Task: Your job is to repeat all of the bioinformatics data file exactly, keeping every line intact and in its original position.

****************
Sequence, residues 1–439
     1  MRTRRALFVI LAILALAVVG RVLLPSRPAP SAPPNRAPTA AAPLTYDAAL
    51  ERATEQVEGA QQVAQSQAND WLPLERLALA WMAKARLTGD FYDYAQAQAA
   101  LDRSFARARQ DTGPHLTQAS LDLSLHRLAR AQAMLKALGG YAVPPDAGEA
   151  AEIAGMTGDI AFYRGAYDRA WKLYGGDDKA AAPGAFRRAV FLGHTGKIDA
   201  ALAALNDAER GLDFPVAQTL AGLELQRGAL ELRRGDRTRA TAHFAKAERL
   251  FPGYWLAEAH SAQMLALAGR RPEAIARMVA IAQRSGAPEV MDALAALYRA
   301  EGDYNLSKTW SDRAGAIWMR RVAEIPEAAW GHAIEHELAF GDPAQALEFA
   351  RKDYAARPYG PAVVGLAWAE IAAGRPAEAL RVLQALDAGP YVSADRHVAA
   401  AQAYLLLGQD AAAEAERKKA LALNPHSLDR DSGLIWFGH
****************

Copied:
Sequence, residues 1–439
     1  MRTRRALFVI LAILALAVVG RVLLPSRPAP SAPPNRAPTA AAPLTYDAAL
    51  ERATEQVEGA QQVAQSQAND WLPLERLALA WMAKARLTGD FYDYAQAQAA
   101  LDRSFARARQ DTGPHLTQAS LDLSLHRLAR AQAMLKALGG YAVPPDAGEA
   151  AEIAGMTGDI AFYRGAYDRA WKLYGGDDKA AAPGAFRRAV FLGHTGKIDA
   201  ALAALNDAER GLDFPVAQTL AGLELQRGAL ELRRGDRTRA TAHFAKAERL
   251  FPGYWLAEAH SAQMLALAGR RPEAIARMVA IAQRSGAPEV MDALAALYRA
   301  EGDYNLSKTW SDRAGAIWMR RVAEIPEAAW GHAIEHELAF GDPAQALEFA
   351  RKDYAARPYG PAVVGLAWAE IAAGRPAEAL RVLQALDAGP YVSADRHVAA
   401  AQAYLLLGQD AAAEAERKKA LALNPHSLDR DSGLIWFGH